This article is a response to Nordén and Norlander's 'Absence of Positive Results for Flexible Assertive Community Treatment. What is the next approach?'[1], in which they assert that 'at present [there is] no evidence for Flexible ACT and⋯ that RACT might be able to provide new impulses and new vitality to the treatment mode of ACT'. We question their analyses and conclusions. We clarify Flexible ACT, referring to the Flexible Assertive Community Treatment Manual (van Veldhuizen, 2013) [2] to rectify misconceptions. We discuss Nordén and Norlander's interpretation of research on Flexible ACT. The fact that too little research has been done and that there are insufficient positive results cannot serve as a reason to propagate RACT. However, the Resource Group method does provide inspiration for working with clients to involve their networks more effectively in Flexible ACT.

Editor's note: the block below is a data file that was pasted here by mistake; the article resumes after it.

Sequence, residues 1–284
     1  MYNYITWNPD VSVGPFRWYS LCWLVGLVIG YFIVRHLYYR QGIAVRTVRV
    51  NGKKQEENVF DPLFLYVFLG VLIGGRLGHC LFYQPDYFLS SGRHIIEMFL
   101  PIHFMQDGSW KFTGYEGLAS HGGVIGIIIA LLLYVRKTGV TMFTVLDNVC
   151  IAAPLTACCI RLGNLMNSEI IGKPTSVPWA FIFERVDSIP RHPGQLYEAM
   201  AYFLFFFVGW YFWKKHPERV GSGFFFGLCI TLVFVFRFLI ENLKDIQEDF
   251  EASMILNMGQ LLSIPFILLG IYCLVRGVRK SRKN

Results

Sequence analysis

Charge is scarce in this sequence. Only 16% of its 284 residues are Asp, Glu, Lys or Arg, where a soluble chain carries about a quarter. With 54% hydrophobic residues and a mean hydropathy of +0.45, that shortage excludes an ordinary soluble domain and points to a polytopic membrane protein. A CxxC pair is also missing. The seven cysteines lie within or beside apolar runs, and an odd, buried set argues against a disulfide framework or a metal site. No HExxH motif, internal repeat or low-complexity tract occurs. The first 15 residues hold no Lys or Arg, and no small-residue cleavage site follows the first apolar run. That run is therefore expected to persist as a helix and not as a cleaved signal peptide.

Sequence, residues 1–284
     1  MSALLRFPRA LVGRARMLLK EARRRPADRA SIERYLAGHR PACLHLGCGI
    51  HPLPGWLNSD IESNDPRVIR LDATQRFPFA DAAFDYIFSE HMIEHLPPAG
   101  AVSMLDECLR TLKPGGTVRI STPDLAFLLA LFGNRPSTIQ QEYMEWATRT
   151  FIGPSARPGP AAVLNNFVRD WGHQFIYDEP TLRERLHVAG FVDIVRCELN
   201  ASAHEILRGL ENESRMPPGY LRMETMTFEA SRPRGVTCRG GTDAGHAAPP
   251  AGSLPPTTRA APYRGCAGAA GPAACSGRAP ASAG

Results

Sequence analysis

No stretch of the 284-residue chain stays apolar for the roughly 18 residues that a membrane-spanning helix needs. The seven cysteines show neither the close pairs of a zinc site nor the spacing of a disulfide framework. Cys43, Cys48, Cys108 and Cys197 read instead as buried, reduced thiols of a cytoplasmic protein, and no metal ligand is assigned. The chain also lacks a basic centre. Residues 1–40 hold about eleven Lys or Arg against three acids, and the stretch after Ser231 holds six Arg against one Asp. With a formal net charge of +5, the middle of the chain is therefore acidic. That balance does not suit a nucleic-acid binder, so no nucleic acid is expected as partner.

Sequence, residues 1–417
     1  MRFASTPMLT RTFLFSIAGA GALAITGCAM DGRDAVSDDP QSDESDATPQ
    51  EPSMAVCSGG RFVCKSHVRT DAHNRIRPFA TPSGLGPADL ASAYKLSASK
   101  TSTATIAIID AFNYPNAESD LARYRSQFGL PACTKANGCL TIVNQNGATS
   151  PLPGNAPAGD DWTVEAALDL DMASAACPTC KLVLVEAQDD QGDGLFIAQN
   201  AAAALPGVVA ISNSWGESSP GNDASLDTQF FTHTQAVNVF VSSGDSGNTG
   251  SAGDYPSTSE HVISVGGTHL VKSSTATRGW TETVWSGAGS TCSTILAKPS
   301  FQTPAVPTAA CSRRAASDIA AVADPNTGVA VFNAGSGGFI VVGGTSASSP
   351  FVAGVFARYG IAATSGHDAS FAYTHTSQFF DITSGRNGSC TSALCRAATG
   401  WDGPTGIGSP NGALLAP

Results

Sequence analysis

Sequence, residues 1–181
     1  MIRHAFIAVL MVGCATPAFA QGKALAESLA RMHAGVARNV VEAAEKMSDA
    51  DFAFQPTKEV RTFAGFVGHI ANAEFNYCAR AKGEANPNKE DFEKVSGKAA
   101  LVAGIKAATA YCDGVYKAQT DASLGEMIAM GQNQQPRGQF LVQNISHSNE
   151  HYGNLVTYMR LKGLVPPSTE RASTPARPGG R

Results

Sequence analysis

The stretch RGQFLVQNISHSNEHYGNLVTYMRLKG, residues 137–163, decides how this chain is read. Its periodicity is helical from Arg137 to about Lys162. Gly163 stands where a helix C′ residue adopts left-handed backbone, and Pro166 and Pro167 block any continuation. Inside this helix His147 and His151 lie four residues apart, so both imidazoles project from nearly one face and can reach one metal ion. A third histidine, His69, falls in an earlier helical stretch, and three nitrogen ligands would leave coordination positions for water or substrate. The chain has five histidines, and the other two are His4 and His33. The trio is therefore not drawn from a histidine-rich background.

ACT, Community care, Fact, Flexible ACT, RACT, Resource ACT
hdl.handle.net/1765/87628
Clinical Practice and Epidemiology in Mental Health
Erasmus MC: University Medical Center Rotterdam

Van Veldhuizen, R, Delespaul, P.A.E.G, Kroon, H, & Mulder, C.L. (2015). Flexible ACT & resource-group ACT: Different working procedures which can supplement and strengthen each other. A response. Clinical Practice and Epidemiology in Mental Health, 11(1), 12–15. Retrieved from http://hdl.handle.net/1765/87628